The Museum of Hunting is named after one of the important personalities of the city of Sibiu in the late 19th and the early 20th centuries: Colonel August von Spiess, the Keeper of the Royal Hunting under the King Ferdinand I of Romania.
The Museum opened as the first of its profile on the national level, in the year 1966, being accommodated in the Von Spiess residence, donated on this porpoise by the Colonel’s daughters. The collection comprises about 1600 items, arranged in five sections.
Arms and hunting instruments: the exhibition begins by a short history of arms and tools used in the process of hunting, starting in the Stone Age. Among exhibits are chopped flint items, spears, javelins, bows and crossbows along with firearms from the 14th century matchlocks to the modern cartridges, adjoining accessories as gunpowder containers, cartridges holders, daggers, blowing horns, dummies and traps used in poaching. The concept of the room is introductory, aiming for a general-notion presentation.
Small and medium sized trophies: starting in the second room, there are exhibited the impressive hunting trophies. The thematic message of this section is that today hunting is no more a cruel practice but a way of selecting and administrating the cynegetic trust, having as porpoise the conservation of the biodiversity of the wild fauna. There are presented exhibits representing bird-trophies adjoining small and medium sized game as foxes, wolves, wild-cats etc.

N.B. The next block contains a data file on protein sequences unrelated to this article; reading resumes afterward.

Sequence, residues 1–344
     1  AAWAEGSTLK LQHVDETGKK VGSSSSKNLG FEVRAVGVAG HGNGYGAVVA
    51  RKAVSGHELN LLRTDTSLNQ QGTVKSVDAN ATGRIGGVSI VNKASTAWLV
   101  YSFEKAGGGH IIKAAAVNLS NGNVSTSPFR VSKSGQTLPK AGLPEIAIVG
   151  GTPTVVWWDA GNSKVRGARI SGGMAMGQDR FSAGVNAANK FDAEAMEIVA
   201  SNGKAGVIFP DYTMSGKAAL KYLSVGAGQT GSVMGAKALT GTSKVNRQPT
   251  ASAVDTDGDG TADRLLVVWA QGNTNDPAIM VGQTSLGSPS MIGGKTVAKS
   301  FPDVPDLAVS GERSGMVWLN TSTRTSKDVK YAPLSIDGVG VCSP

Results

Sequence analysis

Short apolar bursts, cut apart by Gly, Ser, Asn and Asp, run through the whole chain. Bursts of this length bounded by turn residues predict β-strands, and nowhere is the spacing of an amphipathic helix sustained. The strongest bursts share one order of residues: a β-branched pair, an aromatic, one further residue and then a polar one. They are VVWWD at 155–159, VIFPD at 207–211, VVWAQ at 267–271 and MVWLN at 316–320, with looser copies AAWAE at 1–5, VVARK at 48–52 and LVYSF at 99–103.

The “August von Spiess” Memorial Room: Dedicated to August von Spiess, the memorial room presents his personality and activity through his portrait, photos, gun, trophies, written literature, along with the presentation of his hunter-fellows and his family. There is also o section dedicated to Emil Witting, forestry engineer, who donated a great part of the extent Museum’s collection. The room is reconstituting one of the rooms in the Von Spiess’ residence after one of the interior photos, taken during the time of his life.
Large Sized Trophies: The present room displays impressive trophies of large, Carpathian game (stag, bear, wild boar, chamois) most of them awarded at national and international contests of the period between World Wars, reflecting the exceptional value of the Romanian game.
African Trophies: The last of the rooms describes the two African expeditions Von Spiess enterprise at ages 72 and 74, presenting African trophies: antelopes (Gnu, Impala, Oryx, etc), Caffer buffaloes, rhinoceros, zebra and many more.
The Museum courtyard in the back of the building was arranged to serve as a relaxation open space for the visitors and a proper environment for ecological education of children as it hosts many species of plants, a dog, fishes and a tortoise. (From Brukenthal National Museum)
Tour in Dacia area – Sunday 5 March
8 hours ago